For the half-year to 31 December 2014, the IPKat's regular team is supplemented by contributions from guest bloggers Rebecca Gulbul, Lucas Michels and Marie-Andrée Weiss.

Regular round-ups of the previous week's blogposts are kindly compiled by Alberto Bellan.

Friday, 7 December 2012

Friday fantasies

Something to sing about --
even if it's just a few baas
All over New Zealand, trade mark folk are getting really and truly excited about the Madrid Protocol.  With effect from 10 December [which looks very much like this coming Monday], the Land of Sheep and Hobbits will be part of that elite club of nations which allow entities in other Madrid Protocol countries to file their international trade marks designating NZ as a territory into which they would like their legal protection to extend -- and New Zealanders will have the pleasure of designating other Madrid member countries in their own applications.  The IPKat's old friend Earl Gray (Simpson Grierson) has prepared a note on this development, which you can read here.


A good thick water-resistant coat, such as is possessed by your average sheep, might just come in handy for anyone thinking of responding to the following call:
"We are putting together a collaboration to seek funding from the UK Intellectual Property Office Fast Forward Competition to look at how to standardise and/or share what we can in marine renewable energy in order to reduce barriers and costs to entry and at the same time propose appropriate models for IP protection (and IP sharing) to enable investment.
The UHI's magnificent local scenery is best
appreciated on the one day each year
when it isn't raining
  ...
We are seeking a suitably qualified, able, talented and reputable academic researcher in Law. We have been unable to identify suitable law academic thus far [Merpel hopes it's not the "reputable" requirement that's causing all the problems] and would appreciate any help in doing so. It is somewhat time-dependent as the funding competition closes on 14 December 2012 [which looks very much like the next available Friday], however, expressions of interest are most welcome even at this late stage. The idea is to fund a postgrad (junior research fellow) who will sit in the University of the Highlands & Islands in the Highlands (UHI) in their nascent School of Energy (close to the marine energy sector players) and will be supervised by the Law Academic (and guided towards appropriate models/policy/law etc) with input from various stakeholders".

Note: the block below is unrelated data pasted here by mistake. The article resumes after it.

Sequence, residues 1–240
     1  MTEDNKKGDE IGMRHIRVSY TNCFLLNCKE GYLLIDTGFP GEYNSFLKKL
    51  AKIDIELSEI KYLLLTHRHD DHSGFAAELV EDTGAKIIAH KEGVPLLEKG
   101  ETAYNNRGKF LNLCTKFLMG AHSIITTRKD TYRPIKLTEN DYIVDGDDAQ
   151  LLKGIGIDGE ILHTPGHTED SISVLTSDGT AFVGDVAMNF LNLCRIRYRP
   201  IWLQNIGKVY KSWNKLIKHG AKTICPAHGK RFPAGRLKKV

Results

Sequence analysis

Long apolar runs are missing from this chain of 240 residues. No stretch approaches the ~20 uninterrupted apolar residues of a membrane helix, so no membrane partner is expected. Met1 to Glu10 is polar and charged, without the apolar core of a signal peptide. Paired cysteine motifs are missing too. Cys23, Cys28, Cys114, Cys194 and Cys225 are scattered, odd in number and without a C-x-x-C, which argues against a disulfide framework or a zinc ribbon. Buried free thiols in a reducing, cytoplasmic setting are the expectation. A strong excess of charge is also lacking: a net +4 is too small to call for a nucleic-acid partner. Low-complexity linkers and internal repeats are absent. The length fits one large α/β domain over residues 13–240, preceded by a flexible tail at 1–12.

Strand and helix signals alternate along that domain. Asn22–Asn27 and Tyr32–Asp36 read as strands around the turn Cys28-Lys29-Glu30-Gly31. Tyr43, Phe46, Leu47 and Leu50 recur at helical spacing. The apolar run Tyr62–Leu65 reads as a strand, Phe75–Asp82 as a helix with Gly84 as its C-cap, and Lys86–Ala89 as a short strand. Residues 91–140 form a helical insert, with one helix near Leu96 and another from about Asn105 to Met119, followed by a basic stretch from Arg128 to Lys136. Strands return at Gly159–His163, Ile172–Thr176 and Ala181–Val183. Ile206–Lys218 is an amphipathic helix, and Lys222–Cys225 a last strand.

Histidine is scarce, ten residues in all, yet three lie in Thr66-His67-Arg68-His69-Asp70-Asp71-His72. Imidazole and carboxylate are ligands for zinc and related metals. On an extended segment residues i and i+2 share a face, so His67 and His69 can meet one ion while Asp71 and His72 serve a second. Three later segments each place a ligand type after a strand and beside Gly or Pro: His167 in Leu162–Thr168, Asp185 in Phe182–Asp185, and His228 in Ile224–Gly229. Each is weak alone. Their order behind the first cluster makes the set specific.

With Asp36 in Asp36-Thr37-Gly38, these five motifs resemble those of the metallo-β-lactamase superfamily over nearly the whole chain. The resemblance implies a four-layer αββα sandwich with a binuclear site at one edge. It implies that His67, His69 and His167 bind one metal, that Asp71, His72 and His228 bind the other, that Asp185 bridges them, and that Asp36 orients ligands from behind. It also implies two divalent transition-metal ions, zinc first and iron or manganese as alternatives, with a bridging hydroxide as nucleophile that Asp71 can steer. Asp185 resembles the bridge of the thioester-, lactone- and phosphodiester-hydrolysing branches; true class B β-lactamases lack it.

If you are interested, and think you might be reputable and all those other things, do contact Elaine Morrison at the UHI by email here or Kate Macdonald by email here.


Design mystery: Merpel can't
understand why even one
business might want to make
glasses like this, let alone two
Around the weblogs. The MARQUES Class 46 weblog carries the full text of a statement directed to the European Commission's Michel Barnier by five leading IP representative organisations and urging him not to pursue consumer healthcare objectives through the indirect means of restricting the use of trade marks on consumer products [this is a somewhat indirect way of saying "no" to plain packaging, explains Merpel].  Meanwhile, Class 99 -- which is not yet part of the MARQUES portfolio but may well be in the not-too-distant future -- is having one of its hyperactive periods. Four pieces have already been posted today, including this note on the ruling by Mr Justice Arnold in CliniSupplies v Park that a patent-like set of claims was no way of defining the parameters of a protectable UK unregistered design, and a neat piece by Henning Hartwig on the calculation of profit-based damages in Germany.  Staying with damages but shifting from design to patents, Christopher Hayes' Current Intelligence note on the jiplp weblog, here, muses on the relationship between infringement damages and the state of awareness of the infringing defendant. Finally, Barbara Cookson, writing on SOLO IP, encourages readers to support the CIPA Journal's new editor, who faces a tough task.